Radon Detection

The two most common radon testing devices are the charcoal canister and the alpha-check detector. Alpha-check detectors are ideal for making long-term measurements but are not suited for quick results (Lafavore 1987). A charcoal-adsorbent detector is the most practical approach for most. This test method is low-cost; the price for a single unit ranges from $10 to 50 (Cohen 1987). However, a disadvantage of charcoal is its sensitivity to temperature and humidity.

Charcoal-adsorbent detectors consist of granules of activated charcoal that adsorb gases (including radon) to which they are exposed. When the charcoal is exposed long enough to become saturated, the canister is resealed and shipped back to a laboratory where the radioactivity is measured. The laboratory calculates the level of radon to which the device was exposed.

Ideally, testing should be done in the late fall or early spring when the house is closed and the heating system is not turned on. Less natural ventilation does not dilute the radon concentrations at these times. The next best times are during winter months. Detectors that measure for three days or less require a closed-house procedure to start at least twelve hours before the test.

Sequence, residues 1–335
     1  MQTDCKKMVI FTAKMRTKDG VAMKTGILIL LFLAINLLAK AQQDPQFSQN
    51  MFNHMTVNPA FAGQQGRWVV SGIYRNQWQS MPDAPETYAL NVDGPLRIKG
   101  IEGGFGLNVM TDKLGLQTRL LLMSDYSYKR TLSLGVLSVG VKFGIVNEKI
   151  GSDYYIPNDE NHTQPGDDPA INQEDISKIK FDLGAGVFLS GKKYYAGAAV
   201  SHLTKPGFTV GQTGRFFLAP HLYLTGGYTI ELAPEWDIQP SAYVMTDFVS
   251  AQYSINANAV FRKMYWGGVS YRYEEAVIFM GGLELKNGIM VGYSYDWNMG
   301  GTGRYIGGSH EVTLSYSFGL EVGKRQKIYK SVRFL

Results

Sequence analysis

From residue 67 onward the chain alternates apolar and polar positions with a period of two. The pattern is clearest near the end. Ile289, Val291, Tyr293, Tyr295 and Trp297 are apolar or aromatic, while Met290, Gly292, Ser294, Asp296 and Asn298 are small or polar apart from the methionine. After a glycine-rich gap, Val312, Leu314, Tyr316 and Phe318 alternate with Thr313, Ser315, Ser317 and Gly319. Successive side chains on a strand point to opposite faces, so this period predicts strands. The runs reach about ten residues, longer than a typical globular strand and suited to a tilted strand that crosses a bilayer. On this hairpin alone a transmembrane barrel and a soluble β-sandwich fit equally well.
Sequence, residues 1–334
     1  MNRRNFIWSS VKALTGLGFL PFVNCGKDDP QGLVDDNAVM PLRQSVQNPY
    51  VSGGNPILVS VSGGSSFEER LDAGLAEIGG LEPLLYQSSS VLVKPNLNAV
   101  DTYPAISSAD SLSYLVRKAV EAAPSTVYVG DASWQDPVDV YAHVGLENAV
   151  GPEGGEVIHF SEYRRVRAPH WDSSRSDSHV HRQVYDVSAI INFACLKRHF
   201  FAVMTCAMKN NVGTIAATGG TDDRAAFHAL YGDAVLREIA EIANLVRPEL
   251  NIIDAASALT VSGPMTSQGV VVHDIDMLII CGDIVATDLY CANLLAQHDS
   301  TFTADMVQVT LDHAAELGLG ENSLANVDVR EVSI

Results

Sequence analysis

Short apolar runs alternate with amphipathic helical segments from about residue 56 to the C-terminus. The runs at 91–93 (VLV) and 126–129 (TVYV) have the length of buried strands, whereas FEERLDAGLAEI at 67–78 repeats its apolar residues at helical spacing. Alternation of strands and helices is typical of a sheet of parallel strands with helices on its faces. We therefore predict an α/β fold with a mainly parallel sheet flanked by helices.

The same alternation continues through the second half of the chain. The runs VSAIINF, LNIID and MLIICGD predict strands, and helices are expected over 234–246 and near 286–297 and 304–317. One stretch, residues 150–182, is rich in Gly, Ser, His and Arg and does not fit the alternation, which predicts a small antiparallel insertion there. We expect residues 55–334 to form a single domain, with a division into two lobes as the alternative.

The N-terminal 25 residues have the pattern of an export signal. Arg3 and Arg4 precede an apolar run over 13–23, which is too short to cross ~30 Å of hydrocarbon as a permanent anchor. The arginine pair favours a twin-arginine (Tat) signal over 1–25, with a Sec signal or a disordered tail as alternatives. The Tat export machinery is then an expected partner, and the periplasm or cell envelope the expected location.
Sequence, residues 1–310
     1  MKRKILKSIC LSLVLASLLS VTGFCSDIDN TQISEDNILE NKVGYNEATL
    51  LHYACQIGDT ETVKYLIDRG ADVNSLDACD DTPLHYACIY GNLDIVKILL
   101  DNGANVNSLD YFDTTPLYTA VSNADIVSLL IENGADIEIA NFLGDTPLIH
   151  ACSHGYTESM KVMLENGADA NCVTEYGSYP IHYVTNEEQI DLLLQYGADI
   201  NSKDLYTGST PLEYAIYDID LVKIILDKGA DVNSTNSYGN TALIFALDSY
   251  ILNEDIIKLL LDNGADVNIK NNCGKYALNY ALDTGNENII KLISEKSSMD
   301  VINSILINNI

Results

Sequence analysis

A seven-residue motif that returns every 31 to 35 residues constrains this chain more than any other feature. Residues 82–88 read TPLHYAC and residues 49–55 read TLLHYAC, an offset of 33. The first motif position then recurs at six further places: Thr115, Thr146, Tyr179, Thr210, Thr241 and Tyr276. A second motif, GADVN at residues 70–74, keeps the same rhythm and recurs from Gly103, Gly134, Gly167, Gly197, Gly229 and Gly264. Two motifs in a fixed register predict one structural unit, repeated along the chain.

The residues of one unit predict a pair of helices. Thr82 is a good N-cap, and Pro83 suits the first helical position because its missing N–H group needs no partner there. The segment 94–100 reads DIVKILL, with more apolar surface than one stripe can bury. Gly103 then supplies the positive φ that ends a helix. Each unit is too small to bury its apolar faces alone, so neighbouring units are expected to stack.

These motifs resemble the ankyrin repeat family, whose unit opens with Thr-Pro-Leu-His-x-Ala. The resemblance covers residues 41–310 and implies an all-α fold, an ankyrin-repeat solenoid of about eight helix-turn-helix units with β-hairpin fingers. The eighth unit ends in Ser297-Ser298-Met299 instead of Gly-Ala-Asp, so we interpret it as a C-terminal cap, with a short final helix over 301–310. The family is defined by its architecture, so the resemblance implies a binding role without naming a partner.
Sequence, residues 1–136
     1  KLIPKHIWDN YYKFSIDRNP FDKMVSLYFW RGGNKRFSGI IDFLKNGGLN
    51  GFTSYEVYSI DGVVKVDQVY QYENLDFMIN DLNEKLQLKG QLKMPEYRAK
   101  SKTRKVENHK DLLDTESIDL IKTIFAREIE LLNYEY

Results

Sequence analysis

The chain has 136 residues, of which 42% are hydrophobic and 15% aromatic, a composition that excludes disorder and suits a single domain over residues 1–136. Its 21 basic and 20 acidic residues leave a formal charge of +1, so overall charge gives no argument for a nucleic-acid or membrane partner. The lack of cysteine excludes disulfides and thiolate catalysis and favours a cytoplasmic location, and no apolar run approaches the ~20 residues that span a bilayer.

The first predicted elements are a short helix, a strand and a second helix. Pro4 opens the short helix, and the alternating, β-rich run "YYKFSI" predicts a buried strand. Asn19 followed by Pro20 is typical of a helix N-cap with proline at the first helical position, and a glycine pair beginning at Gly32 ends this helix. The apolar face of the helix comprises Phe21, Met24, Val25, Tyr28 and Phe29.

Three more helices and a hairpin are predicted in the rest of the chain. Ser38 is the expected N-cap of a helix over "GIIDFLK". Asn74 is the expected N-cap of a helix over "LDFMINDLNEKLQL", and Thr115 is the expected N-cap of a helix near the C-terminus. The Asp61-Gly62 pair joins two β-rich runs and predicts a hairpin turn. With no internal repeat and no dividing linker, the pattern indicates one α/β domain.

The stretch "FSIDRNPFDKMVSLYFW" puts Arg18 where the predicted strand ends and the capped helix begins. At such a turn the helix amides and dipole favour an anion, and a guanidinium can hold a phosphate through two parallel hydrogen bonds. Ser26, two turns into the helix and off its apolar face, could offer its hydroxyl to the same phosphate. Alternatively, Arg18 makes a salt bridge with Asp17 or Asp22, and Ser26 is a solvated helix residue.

The detector should be placed in the lowest finished space in a spot where it is not disturbed. If the house has a basement, it should be placed there. The detector should be kept away from any sources of air movement, such as fire places and heating vents. To avoid the diluting effect of floor drafts, the tester should place the detector at least 20 in above the floor. The recommended exposure time for a radon detector is one to seven days.

The EPA recommends 4 pCi/l as the maximum acceptable indoor radon level. When the radon levels in a home range between 4 and 20 pCi/l, homeowners should take actions to reduce the air level within one to two years. If the level is between 20 and 200 pCi/l, action should be taken within several months. A reading above 200 pCi should be promptly reported and confirmed by the state department of environmental protection or department of public health.

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